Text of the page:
CAR-T cell therapy has brought great hope to patients suffering from blood cancers. However, bringing such cutting-edge technology to market has its own set of challenges. How can we anticipate and mitigate risks in CAR-T cell therapy clinical trials to ensure this revolutionary therapy is appropriately trialled and can benefit a larger group of patients?
by Dr Kim Strydom and Dr Edwin Gumafelix
When people talk about cancer treatment, mainstream treatment options such as surgery, chemotherapy, and radiation therapy often come to mind. In the past decade, a novel class of cancer therapeutics has brought great hope to cancer patients worldwide. Collectively known as immunotherapy, such treatment entails mobilising patients’ own immune systems to attack cancer cells.1 One such immunotherapy that has generated a huge amount of interest and has been hailed as a game-changer is Chimeric Antigen Receptor T-Cell (CAR-T) therapy.2
The Promise of CAR-T Cell Therapy
As its name suggests, CAR-T therapy utilises genetically modified T-lymphocyte cells (also known as T-cells), fitted with specific receptors, to recognise and kill cancer cells. Such T-cells are typically obtained from patients and then transported to a laboratory where they are genetically modified and left to mature and proliferate. Once these cells are ready, the genetically modified T-cells are infused into patients with the hope that they will continuously proliferate in their host. Thanks to the receptors these T-cells have been fitted with, they will then recognise and kill any cancer cells that have the target antigen on their cell surface.2,3,4
At the time of writing, all of the approved CAR-T products are autologous CAR-T therapies, with the Asia-Pacific having five such FDA-approved products.5,6,7,8,9,10 In autologous CAR-T therapy, a patient’s own T-cells are used to manufacture their own unique drug. The currently approved CAR-T therapies target either CD-19, which is present on all B-cells, or B-cell maturation antigen (BCMA), which is present on the surface of mature B-cells. Presently, CAR-T therapy is only approved to treat a limited set of B-cell cancers such as Non-Hodgkin lymphoma (NHL), B-cell acute lymphoblastic leukaemia (ALL), and multiple myeloma (MM).11,12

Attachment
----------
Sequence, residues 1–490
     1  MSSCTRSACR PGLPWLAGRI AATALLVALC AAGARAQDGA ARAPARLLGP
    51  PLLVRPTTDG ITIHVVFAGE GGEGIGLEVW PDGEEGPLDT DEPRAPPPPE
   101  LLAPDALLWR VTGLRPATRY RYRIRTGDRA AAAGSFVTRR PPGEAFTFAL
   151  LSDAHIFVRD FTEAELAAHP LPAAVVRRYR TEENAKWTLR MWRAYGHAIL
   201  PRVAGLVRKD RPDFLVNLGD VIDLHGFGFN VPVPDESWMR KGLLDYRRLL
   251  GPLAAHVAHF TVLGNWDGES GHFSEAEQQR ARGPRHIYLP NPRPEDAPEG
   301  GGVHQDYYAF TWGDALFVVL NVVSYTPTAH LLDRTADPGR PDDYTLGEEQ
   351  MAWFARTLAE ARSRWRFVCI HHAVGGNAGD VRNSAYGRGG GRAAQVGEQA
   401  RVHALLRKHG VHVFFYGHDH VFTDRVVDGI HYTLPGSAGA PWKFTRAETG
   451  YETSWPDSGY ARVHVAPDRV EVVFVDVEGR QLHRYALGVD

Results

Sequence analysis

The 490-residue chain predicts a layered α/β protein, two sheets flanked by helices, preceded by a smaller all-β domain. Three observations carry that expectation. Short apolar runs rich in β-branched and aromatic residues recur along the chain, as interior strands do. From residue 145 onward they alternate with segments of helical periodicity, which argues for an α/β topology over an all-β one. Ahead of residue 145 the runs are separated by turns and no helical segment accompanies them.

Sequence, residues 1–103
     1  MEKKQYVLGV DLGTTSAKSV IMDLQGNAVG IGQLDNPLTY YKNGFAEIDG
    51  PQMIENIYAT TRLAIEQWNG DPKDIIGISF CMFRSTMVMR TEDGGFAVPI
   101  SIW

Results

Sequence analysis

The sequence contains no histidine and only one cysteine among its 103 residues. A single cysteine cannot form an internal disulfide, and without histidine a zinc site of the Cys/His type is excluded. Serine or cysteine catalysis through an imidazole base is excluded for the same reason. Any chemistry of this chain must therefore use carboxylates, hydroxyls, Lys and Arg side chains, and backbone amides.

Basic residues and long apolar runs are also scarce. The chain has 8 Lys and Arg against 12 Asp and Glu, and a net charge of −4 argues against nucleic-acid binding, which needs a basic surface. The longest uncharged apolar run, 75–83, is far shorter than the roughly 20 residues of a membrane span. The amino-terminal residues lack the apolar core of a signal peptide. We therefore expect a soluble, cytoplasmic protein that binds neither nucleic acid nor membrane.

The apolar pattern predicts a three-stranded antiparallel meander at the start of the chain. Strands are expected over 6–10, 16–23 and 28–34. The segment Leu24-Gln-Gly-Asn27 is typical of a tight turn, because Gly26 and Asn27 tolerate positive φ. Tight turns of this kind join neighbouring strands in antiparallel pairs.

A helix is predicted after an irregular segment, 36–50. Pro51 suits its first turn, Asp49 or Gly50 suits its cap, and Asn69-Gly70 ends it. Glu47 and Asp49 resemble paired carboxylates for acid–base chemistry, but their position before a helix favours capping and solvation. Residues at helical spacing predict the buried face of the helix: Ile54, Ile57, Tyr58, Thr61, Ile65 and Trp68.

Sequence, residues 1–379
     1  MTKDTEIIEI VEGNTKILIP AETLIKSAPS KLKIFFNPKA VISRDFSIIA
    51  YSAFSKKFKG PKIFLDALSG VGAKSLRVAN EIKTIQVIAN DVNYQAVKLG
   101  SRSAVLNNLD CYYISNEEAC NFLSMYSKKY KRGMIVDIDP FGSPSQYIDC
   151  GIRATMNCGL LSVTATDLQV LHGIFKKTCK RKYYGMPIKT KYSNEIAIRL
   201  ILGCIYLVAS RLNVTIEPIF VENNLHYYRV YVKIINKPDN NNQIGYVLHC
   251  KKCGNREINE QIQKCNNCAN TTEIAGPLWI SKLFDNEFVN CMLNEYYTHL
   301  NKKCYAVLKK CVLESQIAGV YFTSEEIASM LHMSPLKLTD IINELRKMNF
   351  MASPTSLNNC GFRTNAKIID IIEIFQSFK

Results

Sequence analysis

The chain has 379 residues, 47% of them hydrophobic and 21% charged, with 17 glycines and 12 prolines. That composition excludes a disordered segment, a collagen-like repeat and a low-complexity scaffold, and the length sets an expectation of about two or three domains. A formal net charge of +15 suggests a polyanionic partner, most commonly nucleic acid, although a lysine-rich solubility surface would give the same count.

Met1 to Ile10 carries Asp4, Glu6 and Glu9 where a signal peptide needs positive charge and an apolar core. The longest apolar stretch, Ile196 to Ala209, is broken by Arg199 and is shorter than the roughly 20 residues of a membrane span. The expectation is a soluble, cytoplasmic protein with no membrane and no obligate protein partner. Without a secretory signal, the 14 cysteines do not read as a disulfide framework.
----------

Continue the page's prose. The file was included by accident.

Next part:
Though it has been shown to be highly effective in treating patients with B-cell cancers, CAR-T therapy is not without side effects. As opposed to mainstream therapies, the extraction and use of a patient’s own cells to manufacture a therapy presents huge logistical demands. These harvested cells require transportation under carefully controlled cryogenic conditions to the laboratory (often across national borders). They then need to be transported back to the patient post-modification in an uninterrupted cold chain, ensuring adherence to strict quality control standards at every step so that these modified T-cells remain viable ahead of their infusion back into the patient.